U.S.: LoBue's Heritage Reserve Navel program arrives in strong market

Copyright More News Today's Headline
U.S.: LoBue's Heritage Reserve Navel program arrives in strong market

California-based grower-shipper LoBue Citrus says its Heritage Reserve Navel program will kick off two weeks earlier than last year, amid strong market conditions created by a reduced orange crop and recent rainfall. 

Vice president of marketing Joe LoBue told Fresh Fruit Portal the California Navel and Cara Cara season was running so much earlier than last year in part due to a particularly warm summer last year.

"All it took were a few cool nights which we did get in October to bring the color on, so then we were up and running," he said, adding marketing conditions had been strong this campaign.

"Domestic and export movement has been better than the last two years for the same time period. So not only have we had two weeks of extra movement, but we’ve also found that sales in the domestic market and the export markets have been up.

"As an industry we're probably 5% ahead of where we were this time last year."

The representative explained part of the reason behind the strong market was a relatively small crop in the state. Orange production was forecast to be around 9% down year-on-year, but he said the final figure end up even lower.

"As we get into January now and almost February the growers have been assessing what they have left and in fact a lot of them feel we’re another 5-10% short of the original projection, so this season may end up begin 15% less volume than last year," he said.

"However, compared to an average crop, it’s just a little bit short, which promotes the idea of better pricing."

In addition, LoBue said some rainfall during December and January had brought some much-needed relief from the severe drought conditions, and at the same time had kept supplies 'a little bit tight', further boosting the market.

Heritage Reserve Navels

LoBue Citrus' Heritage Reserve Navel program involves fruit grown on trees that date back many decades. Because many third-party growers have stayed with the company over its 83-year history, the vintage-flavor fruit now makes up a large proportion of its orange business.

"This is a special program that goes back quite a few years back. These trees are wonderful because they give you the good old-fashioned flavor of a Navel orange. So that’s what we do - we’re selling the idea and the taste of a 50-100-year-old orange." he said.

"As long as we have a good percentage of these trees we're going to continue this program. They have a really good acid-sugar blend that makes them taste different to a lot of the other Navels."

Harvesting is just about to get underway and is due to last through April. The majority of fruit from the program stays in the domestic market, but there are some exports too.

LoBue added the company carried out taste tests from every grove before sending the fruit out to retailers, and certain areas of the country are selected to sell the fruit so that marketers don't overlap.

HLB threat lingers

Competition from Florida in the fresh orange sector has diminished over recent years due to devastating effects citrus greening disease has had on the industry, LoBue said. 

While detections have been made of the disease, also known as HLB, in California, he said that comprehensive control methods from state authorities had kept the disease-spreading insects at bay in the Central Valley.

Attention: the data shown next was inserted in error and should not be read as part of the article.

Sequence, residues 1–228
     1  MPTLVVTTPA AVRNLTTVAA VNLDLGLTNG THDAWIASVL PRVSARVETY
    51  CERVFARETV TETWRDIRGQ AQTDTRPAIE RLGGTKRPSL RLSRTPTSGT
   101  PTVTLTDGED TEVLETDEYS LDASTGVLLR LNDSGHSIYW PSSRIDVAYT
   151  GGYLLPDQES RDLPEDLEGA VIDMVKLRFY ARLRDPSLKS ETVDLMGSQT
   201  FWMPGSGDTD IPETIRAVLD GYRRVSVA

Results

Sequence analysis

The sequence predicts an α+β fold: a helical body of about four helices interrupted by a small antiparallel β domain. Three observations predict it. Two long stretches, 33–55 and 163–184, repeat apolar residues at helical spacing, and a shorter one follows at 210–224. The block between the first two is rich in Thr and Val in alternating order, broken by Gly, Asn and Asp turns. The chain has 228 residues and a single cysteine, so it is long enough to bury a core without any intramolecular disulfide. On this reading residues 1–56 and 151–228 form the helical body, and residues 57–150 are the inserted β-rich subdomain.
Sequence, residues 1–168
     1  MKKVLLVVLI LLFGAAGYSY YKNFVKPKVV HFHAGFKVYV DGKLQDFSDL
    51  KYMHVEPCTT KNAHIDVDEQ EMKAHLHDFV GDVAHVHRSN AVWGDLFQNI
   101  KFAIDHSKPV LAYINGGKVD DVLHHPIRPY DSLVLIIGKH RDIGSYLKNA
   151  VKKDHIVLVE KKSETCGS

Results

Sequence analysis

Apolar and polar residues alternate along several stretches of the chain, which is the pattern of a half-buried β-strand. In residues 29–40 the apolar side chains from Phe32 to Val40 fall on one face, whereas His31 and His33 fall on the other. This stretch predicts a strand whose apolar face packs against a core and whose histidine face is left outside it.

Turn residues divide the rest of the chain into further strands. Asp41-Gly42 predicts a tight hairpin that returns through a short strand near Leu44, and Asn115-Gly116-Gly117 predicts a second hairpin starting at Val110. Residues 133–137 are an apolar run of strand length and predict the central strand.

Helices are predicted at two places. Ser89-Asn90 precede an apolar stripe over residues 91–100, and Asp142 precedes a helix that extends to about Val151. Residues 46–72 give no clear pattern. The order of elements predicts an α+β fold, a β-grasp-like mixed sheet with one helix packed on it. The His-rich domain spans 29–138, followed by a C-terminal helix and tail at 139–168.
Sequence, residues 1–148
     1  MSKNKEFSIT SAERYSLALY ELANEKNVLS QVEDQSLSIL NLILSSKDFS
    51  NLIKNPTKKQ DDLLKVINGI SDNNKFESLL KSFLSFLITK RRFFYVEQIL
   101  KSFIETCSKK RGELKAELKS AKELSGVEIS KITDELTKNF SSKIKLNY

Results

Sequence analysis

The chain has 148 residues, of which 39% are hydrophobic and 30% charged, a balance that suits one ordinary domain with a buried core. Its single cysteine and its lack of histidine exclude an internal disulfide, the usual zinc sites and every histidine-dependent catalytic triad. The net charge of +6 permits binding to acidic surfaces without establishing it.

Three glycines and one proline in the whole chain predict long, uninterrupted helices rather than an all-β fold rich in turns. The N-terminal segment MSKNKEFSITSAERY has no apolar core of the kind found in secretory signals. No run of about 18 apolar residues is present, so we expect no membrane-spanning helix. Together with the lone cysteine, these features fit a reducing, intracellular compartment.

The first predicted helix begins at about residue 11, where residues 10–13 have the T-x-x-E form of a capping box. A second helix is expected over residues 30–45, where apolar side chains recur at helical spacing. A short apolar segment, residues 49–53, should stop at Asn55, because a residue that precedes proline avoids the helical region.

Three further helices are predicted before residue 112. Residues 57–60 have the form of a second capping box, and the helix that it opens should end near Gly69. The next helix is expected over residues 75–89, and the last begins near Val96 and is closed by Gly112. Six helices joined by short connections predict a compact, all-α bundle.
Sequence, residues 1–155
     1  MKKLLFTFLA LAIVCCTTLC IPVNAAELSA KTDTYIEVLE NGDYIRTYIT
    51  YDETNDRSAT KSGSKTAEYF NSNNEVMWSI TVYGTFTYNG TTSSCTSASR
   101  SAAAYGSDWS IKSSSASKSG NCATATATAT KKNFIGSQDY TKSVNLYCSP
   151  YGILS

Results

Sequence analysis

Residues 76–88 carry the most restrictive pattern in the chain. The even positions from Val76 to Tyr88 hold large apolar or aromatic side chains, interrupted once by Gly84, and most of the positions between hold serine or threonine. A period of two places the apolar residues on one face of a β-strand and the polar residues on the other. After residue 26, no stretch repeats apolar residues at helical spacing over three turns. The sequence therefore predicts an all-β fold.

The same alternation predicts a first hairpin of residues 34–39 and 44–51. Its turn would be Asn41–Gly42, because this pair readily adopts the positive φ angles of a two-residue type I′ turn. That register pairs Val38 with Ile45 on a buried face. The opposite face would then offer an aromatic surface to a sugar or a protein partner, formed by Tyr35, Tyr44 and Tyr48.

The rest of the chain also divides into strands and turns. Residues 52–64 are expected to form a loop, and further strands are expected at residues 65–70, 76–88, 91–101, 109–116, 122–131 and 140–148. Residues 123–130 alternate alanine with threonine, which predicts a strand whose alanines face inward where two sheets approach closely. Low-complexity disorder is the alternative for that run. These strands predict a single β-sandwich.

"The insect [Asian citrus] psyllid that transmits the disease has been in the southern part of the state for four or five years, and usually after about five years is when you start seeing the disease show up," he said.

"There have been some isolated cases of the disease in the Los Angeles area, but we haven’t had anything up here. They’ve found some psyllid, but they’ve been real aggressive in trying to eliminate them.

"The state of California has put in quarantines, they’re monitoring, and they make people spray to get rid of them. That’s really kept them at bay in the Central Valley very well. There is no cure, so we’re hoping if we can control the insect we can control the disease and at least slow it down."

Concerns over Argentine lemon access

Aside from HLB, another hot topic in the California citrus industry is the recent market access granted to lemon exporters in Northwest Argentina by the U.S Department of Agriculture (USDA). The development was announced a month ago and met by strong opposition from the California Citrus Mutual (CCM).

While the USDA said several steps would be taken to prevent pests and diseases entering the country, the CCM said the move demonstrated a "callous disregard" for California’s farmers.

LoBue also expressed concern that lemons arriving from the South American country could severely impact the California industry, regardless of what preventative measures were taken.

"Certainly as a lemon grower and a citrus grower in general we’re not real excited about it. There are certainly lots of phytosanitary issues," he said.

"Just like the psyllid...there’s a concern that something’s going to come from South America that’s going to create an issue.

"They do have some diseases in Argentina that we don’t have, so the concern is you do your checks and all the things you can, but some disease or pest that will get into the county, and that's what we don’t want."

Photo: www.shutterstock.com


This story is exclusive to Fresh Fruit Portal. If you would like to reproduce any elements of it on other sites or publications, please make a request to our editorial team at news@freshfruitportal.com

Subscribe to our newsletter